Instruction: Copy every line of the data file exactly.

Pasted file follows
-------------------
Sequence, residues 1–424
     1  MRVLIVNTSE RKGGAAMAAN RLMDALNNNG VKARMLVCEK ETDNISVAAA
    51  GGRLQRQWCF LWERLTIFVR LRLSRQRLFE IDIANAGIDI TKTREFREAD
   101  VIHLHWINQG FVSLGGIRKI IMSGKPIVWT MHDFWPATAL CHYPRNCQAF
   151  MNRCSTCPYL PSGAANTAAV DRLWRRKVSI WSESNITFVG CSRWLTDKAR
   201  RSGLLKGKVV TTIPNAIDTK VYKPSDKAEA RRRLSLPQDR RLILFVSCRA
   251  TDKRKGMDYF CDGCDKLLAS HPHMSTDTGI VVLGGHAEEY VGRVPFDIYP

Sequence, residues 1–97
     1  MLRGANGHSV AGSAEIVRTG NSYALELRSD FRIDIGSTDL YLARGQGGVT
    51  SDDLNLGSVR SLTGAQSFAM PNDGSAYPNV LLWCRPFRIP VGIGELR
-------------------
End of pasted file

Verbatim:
Sequence, residues 1–424
     1  MRVLIVNTSE RKGGAAMAAN RLMDALNNNG VKARMLVCEK ETDNISVAAA
    51  GGRLQRQWCF LWERLTIFVR LRLSRQRLFE IDIANAGIDI TKTREFREAD
   101  VIHLHWINQG FVSLGGIRKI IMSGKPIVWT MHDFWPATAL CHYPRNCQAF
   151  MNRCSTCPYL PSGAANTAAV DRLWRRKVSI WSESNITFVG CSRWLTDKAR
   201  RSGLLKGKVV TTIPNAIDTK VYKPSDKAEA RRRLSLPQDR RLILFVSCRA
   251  TDKRKGMDYF CDGCDKLLAS HPHMSTDTGI VVLGGHAEEY VGRVPFDIYP

Sequence, residues 1–97
     1  MLRGANGHSV AGSAEIVRTG NSYALELRSD FRIDIGSTDL YLARGQGGVT
    51  SDDLNLGSVR SLTGAQSFAM PNDGSAYPNV LLWCRPFRIP VGIGELR